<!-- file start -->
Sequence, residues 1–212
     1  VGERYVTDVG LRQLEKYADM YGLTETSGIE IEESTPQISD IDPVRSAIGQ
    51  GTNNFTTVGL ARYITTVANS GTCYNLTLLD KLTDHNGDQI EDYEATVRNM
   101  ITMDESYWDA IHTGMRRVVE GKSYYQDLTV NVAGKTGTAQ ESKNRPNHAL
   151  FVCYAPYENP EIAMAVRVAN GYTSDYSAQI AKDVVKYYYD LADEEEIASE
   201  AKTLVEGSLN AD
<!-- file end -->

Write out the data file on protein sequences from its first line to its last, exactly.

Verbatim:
Sequence, residues 1–212
     1  VGERYVTDVG LRQLEKYADM YGLTETSGIE IEESTPQISD IDPVRSAIGQ
    51  GTNNFTTVGL ARYITTVANS GTCYNLTLLD KLTDHNGDQI EDYEATVRNM
   101  ITMDESYWDA IHTGMRRVVE GKSYYQDLTV NVAGKTGTAQ ESKNRPNHAL
   151  FVCYAPYENP EIAMAVRVAN GYTSDYSAQI AKDVVKYYYD LADEEEIASE
   201  AKTLVEGSLN AD